with antipathy combined with Indian support of USSR
by Nehru. The conservative right also were against the culture of defeatism and disorder. The
neo-conservatives were born during this time who
created an entire culture to overcome the disorder of the 60s and 70s. Nixon
probably developed the feeling of hatred against India
and its culture which he believed spawned the liberal culture during this time.
The Neo-cons came to occupy the top echelons of the Pentagon dept by the early
1990s and were influential in developing the post cold war policies.
This period US
experienced the ruthless cold war pressure and the US
society changed to the external challenges. The leftists and the right wing
came together for NSC68 and created a plan to contain and eliminate communism
and supporters of communism globally. The climax and sudden end of the cold
war, the disintegration of the Soviet Union, the Arab-Israeli wars, the
formation and activities of the Palestinian Liberation Organization, the oil crisis,
the Egyptian-Israeli peace treaty, the Persian Gulf War, and the Iranian
revolution effected American society as never before. India
after 1971 war and 1975 was a target of the enormous cold war realist plan. The
scope of the plan for India
may never be known but the plan put India
in a path which could disintegrate the country and eliminate the entire
civilization in the long run. During
this period all the culture movement of the 60s and cults, swamis, Buddhism and
other new age groups where discouraged and suppressed though popular western
media. These were considered influencing the anti-war protests and creating
chaos in the society and promoting leftists.
The end of the Vietnam
war created bitter memories of the anti-war protests and also the pentagon by
the end of 80s was filled with war veterans.. The
period after 1980 brought out the new religious right in the main stream and
after 1986 there has been a resurgence of the religious right in US. The
country became more religious during this period due to the experience with
fighting the communist regime.
By 1994 the Neo-cons
were in control of the house and the religious right of the conservatives in
1994 passed the Religious Bill act which put countries which do not tolerate
religious diversities under notice and . They were bitter critics of the flower
children who rose to power with Clintons
presidency in 1993. The neo conservatives and the compassionate conservatives
and moderate conservatives took over the senate and the house by 2000/2002
under GW Bush. Israel
is in a position to influence who takes charge of US
foreign policy in its neighborhood. This was analogous to a highly valued
client will be able to exercise his preference that a certain officer handles
his case when dealing with a firm. Given the power of the AIPAC, the entrenched connections
of Israel with
armaments industry and thence the Pentagon, the presence of people like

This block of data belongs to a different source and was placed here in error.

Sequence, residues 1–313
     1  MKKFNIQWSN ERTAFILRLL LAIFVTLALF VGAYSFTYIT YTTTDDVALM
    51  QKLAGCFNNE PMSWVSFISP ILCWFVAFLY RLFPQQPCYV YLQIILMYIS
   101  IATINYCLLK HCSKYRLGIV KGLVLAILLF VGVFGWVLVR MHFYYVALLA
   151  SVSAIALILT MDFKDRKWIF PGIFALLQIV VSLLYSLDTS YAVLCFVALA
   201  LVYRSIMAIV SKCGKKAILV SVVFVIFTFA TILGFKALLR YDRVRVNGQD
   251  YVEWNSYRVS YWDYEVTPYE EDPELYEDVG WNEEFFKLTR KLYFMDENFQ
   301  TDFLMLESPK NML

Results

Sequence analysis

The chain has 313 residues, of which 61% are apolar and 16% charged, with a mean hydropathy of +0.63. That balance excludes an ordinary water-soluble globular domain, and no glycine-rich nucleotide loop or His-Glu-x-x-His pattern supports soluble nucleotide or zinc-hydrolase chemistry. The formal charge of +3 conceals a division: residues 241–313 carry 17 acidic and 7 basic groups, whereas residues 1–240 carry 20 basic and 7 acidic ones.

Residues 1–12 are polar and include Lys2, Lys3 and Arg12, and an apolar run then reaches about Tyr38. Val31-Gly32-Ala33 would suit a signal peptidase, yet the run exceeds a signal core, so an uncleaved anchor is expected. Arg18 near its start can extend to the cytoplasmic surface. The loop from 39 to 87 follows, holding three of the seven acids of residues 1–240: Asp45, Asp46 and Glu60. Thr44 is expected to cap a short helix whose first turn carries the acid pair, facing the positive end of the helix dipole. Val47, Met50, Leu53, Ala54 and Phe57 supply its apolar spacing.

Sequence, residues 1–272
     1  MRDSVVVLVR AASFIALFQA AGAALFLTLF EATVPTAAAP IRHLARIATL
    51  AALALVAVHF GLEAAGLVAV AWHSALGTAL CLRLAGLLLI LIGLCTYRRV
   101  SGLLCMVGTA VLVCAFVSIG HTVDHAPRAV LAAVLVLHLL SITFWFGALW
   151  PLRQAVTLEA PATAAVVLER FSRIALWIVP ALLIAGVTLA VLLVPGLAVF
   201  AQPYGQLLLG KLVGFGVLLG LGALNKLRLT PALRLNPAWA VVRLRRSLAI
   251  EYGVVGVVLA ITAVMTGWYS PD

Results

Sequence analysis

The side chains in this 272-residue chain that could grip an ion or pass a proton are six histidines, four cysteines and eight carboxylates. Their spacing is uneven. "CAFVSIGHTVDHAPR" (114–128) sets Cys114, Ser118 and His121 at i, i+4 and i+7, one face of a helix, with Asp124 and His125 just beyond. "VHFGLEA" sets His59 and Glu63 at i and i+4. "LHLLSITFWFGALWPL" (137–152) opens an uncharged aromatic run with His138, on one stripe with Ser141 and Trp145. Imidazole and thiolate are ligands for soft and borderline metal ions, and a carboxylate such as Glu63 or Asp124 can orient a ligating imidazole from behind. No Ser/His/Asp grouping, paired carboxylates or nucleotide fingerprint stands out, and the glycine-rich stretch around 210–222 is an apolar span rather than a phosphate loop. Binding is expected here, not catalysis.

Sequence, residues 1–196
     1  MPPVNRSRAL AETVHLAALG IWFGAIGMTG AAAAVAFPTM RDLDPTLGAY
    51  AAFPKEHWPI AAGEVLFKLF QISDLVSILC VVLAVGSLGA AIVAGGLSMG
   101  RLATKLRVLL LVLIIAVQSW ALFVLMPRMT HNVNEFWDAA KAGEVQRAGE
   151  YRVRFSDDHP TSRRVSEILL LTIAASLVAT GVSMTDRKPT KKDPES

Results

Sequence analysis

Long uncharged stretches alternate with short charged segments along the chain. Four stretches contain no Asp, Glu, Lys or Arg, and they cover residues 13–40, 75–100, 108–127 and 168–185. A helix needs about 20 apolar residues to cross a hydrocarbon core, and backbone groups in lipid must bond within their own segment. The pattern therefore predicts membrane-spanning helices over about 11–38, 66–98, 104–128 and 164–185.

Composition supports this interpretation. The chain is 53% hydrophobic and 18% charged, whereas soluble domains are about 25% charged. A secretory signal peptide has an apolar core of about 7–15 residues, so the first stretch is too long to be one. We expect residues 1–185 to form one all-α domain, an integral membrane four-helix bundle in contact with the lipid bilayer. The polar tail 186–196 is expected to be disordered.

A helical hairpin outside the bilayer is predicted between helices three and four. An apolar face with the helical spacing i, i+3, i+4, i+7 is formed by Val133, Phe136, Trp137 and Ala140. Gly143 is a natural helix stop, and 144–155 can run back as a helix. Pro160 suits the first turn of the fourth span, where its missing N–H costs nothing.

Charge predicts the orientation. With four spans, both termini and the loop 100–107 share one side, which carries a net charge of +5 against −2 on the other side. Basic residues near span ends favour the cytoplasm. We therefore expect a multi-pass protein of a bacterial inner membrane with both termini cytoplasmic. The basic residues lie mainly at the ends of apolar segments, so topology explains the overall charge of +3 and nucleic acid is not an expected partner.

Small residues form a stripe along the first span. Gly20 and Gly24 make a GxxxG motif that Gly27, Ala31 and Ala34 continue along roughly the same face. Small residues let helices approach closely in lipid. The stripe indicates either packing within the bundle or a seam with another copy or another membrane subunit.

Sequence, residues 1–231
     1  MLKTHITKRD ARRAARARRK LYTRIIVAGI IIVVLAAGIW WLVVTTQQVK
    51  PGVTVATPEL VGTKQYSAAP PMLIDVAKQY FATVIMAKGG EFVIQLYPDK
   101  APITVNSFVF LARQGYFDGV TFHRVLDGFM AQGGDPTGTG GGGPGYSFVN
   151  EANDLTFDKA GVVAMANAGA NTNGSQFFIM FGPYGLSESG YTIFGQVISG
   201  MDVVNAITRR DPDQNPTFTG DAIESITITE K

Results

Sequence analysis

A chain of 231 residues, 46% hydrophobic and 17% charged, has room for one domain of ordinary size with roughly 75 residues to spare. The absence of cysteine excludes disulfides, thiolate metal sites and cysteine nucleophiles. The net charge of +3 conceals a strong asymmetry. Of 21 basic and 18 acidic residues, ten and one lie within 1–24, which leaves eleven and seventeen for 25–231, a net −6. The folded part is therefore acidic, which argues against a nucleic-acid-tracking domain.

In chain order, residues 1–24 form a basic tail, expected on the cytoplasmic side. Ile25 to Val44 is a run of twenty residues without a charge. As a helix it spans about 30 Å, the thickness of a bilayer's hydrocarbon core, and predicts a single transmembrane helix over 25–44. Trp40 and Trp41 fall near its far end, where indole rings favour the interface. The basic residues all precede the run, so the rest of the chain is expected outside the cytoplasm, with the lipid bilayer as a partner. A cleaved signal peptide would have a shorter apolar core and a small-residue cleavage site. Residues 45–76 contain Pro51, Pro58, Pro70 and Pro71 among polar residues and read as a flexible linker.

Wolfowitz in the DOD, it is no surprise. Add to this the oil interest, and it
is a foregone conclusion that those who have the ear of GOTUS highest reaches
(such as Cheney) will be making the decisions. DOD is clearly on top of SD in
the Washington power struggle. SD
gets to take charge of second-string areas (from the White House point of view)
like South Asia. This is as much a reflection on the
relative equality between the lobbying strengths of India
and Pakistan in
Washington, as compared to the
overwhelming power of the Israeli lobby as far as the Middle East
is concerned, as anything else.
Appendix C The Hidden Agenda
Ten reasons why Romila Thapar's meeting with Mahmud of Ghazni at Somnath is
By Chandan Mitra
Typical of the leftist
view of the Muslim invasions is that of Romilla Thapar in her work on Mohammad of Ghazni. Chandan
Mitra, the editor of Pioneer summarizes Ms Thapar’s stance in the following
Eminent historian Romila Thapar has an agenda and a central character in her
authoritative monograph on the high-profile temple at Somnath in Gujarat.
But it is an agenda that dare not take its name. And as for the central
dramatis persona, she does not even mention him. After regretting the
involvement of various Congress leaders, including India's
first President Rajendra Prasad, in the rebuilding of the Somnath temple in
1951, Thapar refers to the most recent challenge to the "secular
credentials of Indian society". That being the rath yatra organised
by the VHP "in association with leaders of the BJP". L.K. Advani, who electrified India with his 1991 campaign and
put his party on the road to power by making Hindutva a mainstream ideology, is
not named throughout the narrative.
As a historical work, Thapar's scholarship is difficult to fault. She has
meticulously studied various accounts of Mahmud of Ghazni's destruction of the
temple in the 11th century. She has carried the narrative through to
contemporary times, explaining the reasons for the resurgence of Hindu
sentiment in the 19th century on this issue, leading
to the temple's rebuilding after Independence.
The volume, however, is so apparent in its purpose that it can only preach to
Considering the dwindling band of Marxists and their fellow-travelers in the
arena of Indian history (since they don't control university appointments any
more), it is doubtful how many would uncork champagne bottles at the
publication of this scholastic endeavor. For the general public, the book makes
laborious reading. Even secular fundamentalists from a non-history background
would not be tempted to persevere through the Byzantine complexities of textual
and interpretational rivalries among the Turks, Arabs, Chalukyas, Rajputs, Jainas,